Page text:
And the verse finishes off, “He will certainly come with no delay.” [This would seem to be a contradiction, as we just stated that “if he will tarry, wait for him.”] This can be explained with a story. There was once a king who was angry with his son, and decreed that he would have to leave the palace for five years. The son was sent to a faraway land at the edge of the world that required years of travel to reach [as it was before the advent of modern modes of transportation]. Afterwards, the king regretted his decision, however he could not annul the decree. He pondered what could be done, and realized that even once the five years were up, it would still take a few years for the son to travel back home. The king therefore commanded that all the mountains standing in the path be razed, and that all the new means of transportation in the world be used to bring him back to the palace quickly. This way the prince’s trip home would proceed without any unnecessary delay.

So it is with us. We have been spread out to the farthest reaches of the Earth, and every Jew will need to return from exile, as it says, “Each and every one of you will be gathered, children of Israel.” Therefore, the gathering of the entire Jewish people should naturally take many years. But the truth is that it will not be that way. Hashem has made all the preparations in advance so the ingathering will not take longer than necessary.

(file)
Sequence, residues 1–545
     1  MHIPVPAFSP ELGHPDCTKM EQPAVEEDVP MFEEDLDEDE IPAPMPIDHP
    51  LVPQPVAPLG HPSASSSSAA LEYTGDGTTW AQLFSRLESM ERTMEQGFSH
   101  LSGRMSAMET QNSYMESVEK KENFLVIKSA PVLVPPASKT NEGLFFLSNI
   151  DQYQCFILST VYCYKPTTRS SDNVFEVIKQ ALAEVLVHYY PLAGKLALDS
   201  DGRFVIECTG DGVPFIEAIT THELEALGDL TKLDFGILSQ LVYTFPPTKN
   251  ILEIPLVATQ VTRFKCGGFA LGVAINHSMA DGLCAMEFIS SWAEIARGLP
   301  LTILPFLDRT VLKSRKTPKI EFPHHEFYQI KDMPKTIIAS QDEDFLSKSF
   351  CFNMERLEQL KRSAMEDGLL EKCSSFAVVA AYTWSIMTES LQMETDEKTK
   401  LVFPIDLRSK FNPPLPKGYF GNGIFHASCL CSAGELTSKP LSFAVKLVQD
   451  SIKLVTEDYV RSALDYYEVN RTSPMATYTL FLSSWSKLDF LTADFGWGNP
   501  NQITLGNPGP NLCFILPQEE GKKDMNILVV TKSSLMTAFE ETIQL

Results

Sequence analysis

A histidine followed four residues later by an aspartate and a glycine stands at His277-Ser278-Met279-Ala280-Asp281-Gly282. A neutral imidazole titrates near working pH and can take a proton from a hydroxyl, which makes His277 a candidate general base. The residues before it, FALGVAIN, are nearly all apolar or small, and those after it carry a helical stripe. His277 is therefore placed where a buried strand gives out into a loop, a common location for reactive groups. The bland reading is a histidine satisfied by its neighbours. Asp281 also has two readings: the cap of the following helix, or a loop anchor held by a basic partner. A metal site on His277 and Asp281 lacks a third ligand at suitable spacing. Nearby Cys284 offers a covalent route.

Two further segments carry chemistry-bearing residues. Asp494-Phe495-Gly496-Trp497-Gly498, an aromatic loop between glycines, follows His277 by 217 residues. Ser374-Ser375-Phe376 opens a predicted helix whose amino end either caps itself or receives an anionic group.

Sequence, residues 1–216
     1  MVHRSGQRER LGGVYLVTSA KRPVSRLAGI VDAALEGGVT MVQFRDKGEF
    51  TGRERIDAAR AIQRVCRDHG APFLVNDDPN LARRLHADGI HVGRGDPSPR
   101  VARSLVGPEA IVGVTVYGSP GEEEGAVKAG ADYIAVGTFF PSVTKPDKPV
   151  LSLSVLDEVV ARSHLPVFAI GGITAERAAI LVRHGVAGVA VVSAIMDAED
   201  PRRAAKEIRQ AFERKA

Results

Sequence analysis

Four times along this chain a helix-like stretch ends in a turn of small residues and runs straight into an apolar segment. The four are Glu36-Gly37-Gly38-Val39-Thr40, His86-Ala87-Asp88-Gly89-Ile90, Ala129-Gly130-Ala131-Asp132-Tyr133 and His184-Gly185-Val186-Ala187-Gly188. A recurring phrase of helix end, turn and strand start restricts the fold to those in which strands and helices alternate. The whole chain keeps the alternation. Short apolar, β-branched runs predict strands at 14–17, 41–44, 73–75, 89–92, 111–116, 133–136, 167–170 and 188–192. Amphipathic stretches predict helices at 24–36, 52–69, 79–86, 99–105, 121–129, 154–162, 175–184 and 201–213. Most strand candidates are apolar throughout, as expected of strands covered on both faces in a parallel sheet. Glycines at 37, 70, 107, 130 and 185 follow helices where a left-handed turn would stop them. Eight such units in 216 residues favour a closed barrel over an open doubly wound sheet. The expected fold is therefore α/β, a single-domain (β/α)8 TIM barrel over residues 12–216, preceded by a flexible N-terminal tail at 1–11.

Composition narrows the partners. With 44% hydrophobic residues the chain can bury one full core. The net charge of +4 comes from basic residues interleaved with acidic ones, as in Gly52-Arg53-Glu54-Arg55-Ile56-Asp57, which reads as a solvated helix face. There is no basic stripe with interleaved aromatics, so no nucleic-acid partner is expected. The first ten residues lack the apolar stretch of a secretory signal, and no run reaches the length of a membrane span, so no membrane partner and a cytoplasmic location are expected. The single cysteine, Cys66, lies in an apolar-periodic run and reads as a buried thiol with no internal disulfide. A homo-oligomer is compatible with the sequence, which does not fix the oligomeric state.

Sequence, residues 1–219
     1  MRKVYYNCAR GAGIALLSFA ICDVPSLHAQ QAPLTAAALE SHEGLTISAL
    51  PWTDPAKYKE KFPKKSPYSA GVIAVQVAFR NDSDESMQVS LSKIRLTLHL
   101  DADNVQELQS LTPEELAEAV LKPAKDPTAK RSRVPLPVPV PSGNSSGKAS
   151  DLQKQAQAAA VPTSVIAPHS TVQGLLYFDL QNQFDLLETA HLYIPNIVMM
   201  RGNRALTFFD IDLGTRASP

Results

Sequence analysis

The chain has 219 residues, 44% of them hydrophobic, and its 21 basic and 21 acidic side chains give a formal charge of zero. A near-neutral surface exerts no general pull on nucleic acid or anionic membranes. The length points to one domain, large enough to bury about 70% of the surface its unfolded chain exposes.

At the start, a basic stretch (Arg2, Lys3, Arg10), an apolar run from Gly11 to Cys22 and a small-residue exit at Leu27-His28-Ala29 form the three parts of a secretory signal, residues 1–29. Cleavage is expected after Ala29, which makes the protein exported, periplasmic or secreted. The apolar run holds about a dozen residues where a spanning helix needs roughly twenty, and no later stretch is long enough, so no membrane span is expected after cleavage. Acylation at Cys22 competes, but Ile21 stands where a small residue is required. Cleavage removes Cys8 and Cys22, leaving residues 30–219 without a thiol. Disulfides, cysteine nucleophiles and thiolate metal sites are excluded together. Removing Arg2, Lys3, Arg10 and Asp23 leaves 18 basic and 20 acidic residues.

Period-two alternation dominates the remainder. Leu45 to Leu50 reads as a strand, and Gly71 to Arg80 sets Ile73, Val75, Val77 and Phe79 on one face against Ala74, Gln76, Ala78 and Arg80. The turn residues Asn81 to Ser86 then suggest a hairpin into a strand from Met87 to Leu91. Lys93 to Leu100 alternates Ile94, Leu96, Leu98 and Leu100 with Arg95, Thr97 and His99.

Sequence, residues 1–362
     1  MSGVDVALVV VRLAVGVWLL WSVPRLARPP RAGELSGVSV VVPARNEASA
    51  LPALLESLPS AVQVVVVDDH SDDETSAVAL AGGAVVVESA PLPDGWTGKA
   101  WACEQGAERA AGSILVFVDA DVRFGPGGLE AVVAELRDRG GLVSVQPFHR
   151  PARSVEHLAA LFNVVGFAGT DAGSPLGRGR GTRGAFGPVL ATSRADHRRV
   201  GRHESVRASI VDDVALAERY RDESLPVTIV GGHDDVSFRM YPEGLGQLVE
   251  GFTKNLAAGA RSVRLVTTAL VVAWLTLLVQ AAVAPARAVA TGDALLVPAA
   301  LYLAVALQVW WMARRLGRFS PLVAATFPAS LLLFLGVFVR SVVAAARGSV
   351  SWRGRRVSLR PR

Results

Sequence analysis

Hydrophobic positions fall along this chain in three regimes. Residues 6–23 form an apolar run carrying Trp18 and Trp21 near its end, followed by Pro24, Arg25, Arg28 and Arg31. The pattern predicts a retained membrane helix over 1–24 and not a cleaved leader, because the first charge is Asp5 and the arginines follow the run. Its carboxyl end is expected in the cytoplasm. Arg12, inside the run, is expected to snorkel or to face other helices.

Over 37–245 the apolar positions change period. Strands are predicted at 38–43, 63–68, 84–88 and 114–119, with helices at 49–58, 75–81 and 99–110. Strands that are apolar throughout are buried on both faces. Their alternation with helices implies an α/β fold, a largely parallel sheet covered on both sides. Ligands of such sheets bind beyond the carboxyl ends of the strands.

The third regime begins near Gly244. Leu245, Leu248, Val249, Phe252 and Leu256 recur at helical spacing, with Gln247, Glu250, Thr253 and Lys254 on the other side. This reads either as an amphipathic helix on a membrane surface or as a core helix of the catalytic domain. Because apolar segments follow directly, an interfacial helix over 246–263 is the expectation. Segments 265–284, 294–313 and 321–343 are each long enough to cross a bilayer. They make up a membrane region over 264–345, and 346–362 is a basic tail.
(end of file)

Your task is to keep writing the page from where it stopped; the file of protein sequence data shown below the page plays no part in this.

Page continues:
This is what it means, “If he tarries, wait for him.” If you would then think that the actual ingathering will take a long time, [especially now that he has taken so long to come] – the verse therefore says, “He will certainly come without delay.” This means that when the designated time arrives, there will be no delay whatsoever at that point. This is what the verse refers to when it says, “Who are these that fly like a cloud?” This means that the ingathering will take place at a rapid pace, like a cloud moves quickly across the sky.